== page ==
Art at Heart
How local artist Kelly Merkur is using quarantine to dedicate herself to her work
While Kelly Merkur was earning her bachelor’s degree in textile design at the University of Kansas, she purposefully managed to avoid all painting electives. “I think I was intimidated by it,” she says.
Though she did work in the textile industry, she set her art aside to focus on raising her daughters. But just last month, the Parkland resident relaunched her artist website where she sells original abstract paintings, a sort of culmination of the new artistic journey that started a few years ago. When her mother, a painter, visited from Oklahoma, Merkur planned for them to take a painting class together. Though her mother couldn’t make it, Merkur took the class on her own, experiencing her own artistic epiphany.
“It was kind of this light-bulb, ‘aha’ moment that this was what I had been missing in my life since I stopped working,” she says.
With new inspiration, Merkur started painting pet portraits, but also found herself attracted to abstract style. A class in abstract painting provided another “aha” moment, leading her to discover her own style. Though she does continue to do commissions of pet portraits, most of the work on her Instagram page are abstracts featuring swaths and patterns of cool colors juxtaposed with warm, feminine colors as well as subtle repetition of shapes and patterns picked up from her textile background.
“Most of my work has some type of pink in it. … There seems a theme of female empowerment—the idea that being feminine and strong aren’t mutually exclusive—that you can be both,” Merkur says. “I would say it’s my main inspiration.”
Since then, she’s been featured in shows at the Coral Springs Art Museum, the city of Pembroke Pines’ 15th annual Art Competition at Studio 18, Broward Art Guild and Cornell Art Museum. She’s also a member of Women in the Visual Arts, the Coral Spring Artist Guild.
Like many artists across the world, Merkur has been sheltering at home where her artistic process takes root.
What quarantine means for an artist. I always said to my husband, I was wishing I could devote more time to all of it: to the painting and to the business side of it. … This quarantine has almost been a gift to me of the time I didn’t have before. I’ve been able to paint more. I’ve been able to focus more. I kind of almost feel like I have a full-time job because I’m working at it every day while we’re home.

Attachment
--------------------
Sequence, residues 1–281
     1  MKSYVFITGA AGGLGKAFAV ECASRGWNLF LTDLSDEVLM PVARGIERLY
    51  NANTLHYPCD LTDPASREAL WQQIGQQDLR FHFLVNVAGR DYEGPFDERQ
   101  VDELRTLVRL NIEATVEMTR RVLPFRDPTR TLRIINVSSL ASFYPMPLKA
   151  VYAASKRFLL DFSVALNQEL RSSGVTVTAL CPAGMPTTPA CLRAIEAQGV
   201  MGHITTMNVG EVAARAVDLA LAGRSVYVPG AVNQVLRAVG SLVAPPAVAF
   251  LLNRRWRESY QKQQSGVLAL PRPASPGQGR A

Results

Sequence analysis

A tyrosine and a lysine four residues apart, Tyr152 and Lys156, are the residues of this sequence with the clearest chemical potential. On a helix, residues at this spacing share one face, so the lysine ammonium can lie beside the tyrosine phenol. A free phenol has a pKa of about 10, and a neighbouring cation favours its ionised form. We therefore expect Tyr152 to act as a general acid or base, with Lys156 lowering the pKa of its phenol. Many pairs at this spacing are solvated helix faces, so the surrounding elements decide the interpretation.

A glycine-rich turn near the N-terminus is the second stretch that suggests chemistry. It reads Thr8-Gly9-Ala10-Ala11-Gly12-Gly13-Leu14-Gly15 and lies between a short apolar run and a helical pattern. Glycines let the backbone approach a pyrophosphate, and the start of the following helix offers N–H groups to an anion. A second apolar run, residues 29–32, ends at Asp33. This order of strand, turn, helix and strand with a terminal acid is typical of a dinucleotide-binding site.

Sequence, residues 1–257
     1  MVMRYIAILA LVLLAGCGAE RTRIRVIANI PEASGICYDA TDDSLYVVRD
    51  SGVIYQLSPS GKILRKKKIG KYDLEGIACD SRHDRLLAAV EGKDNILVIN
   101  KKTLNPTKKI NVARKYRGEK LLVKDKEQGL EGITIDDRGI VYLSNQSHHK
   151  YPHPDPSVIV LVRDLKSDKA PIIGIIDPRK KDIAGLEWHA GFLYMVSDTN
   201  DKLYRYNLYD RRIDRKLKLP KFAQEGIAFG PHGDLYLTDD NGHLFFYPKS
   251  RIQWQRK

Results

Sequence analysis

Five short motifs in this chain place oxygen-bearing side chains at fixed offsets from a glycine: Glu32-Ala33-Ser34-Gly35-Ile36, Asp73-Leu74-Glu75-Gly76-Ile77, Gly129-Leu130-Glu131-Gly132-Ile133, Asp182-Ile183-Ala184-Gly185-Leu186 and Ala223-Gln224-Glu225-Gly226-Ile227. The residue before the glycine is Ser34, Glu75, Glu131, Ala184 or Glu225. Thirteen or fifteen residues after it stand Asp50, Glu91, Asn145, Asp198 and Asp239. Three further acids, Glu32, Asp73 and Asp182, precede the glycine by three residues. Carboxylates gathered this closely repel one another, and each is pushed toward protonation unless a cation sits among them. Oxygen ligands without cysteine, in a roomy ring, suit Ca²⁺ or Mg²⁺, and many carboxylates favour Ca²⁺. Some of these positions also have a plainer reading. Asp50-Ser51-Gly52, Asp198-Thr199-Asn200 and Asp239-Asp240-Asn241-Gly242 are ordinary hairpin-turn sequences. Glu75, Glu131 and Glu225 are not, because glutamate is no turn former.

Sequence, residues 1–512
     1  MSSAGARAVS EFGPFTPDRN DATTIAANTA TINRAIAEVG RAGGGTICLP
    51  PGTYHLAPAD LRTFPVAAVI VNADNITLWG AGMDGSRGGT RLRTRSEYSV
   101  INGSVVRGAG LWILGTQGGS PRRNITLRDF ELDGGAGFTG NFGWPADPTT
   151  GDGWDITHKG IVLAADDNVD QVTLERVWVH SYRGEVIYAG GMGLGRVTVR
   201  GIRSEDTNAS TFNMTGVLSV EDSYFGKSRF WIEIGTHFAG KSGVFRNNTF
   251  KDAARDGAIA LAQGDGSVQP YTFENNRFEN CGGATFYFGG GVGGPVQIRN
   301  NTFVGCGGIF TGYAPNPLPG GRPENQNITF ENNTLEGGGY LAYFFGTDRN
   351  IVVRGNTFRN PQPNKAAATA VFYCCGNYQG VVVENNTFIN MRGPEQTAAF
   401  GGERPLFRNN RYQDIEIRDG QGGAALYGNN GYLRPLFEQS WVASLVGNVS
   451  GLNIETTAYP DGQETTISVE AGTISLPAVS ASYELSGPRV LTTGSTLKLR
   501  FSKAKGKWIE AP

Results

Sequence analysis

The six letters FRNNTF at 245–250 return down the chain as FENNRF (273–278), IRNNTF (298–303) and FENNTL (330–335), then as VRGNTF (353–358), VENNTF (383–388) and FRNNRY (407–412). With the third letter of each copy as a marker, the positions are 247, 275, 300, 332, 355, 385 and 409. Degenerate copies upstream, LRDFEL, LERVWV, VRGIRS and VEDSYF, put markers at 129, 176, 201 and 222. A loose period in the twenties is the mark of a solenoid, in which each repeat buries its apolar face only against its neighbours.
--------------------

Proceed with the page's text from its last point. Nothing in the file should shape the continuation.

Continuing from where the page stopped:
Routines. I have certain workouts I do on certain days. Some days are my studio days and other days I spend on the computer. Every day in the studio is different. It’s not that I’m necessarily painting. I’ve got a watercolor commission of a dog portrait that I did one day, and some days are just finishing painting stuff that I’ve been working on. Other days, I have to have that inspiration to feel ready to create, and some days are better than others for that.
Pros and cons. I do like to be alone and paint. But I was taking a class at the Boca Raton Museum of Art school, and I miss that camaraderie, feeding off each other’s creative energy. So in a way, that’s been hard that I don’t have that anymore. But … it’s interesting when you’re painting alone and nobody’s watching, you might make different choices or try something a little more daring than you would when you feel like other people are watching what you’re doing.
Quarantine process. Music’s a huge part of it for me. I always try to paint from a place of joy and happiness, so I don’t usually paint if I’m upset about something. I try to play happy music. I light a candle to set the mood. My dog’s always in there with me. And I just go for it.
Expanding creativity. I’m planning to start doing more Instagram Lives. I have an idea for a series of Lives that take it from the very beginning where I have a blank canvas and how I go through the whole process to the finished product. [Editor’s Note: Merkur has started an Instagram Live series focusing on a new series of paintings about life lessons.]
Advice for other creatives in quarantine. I think that people always just think, “I can’t do that. I’m not an artist.” You have to kind of deflect the intimidation or the fear of it. If you’re painting, you don’t need an eraser. You don’t need to start over. You don’t need to throw it away. Don’t be intimidated. Just keep going. Just use whatever feels intuitive. What the hell? Try it.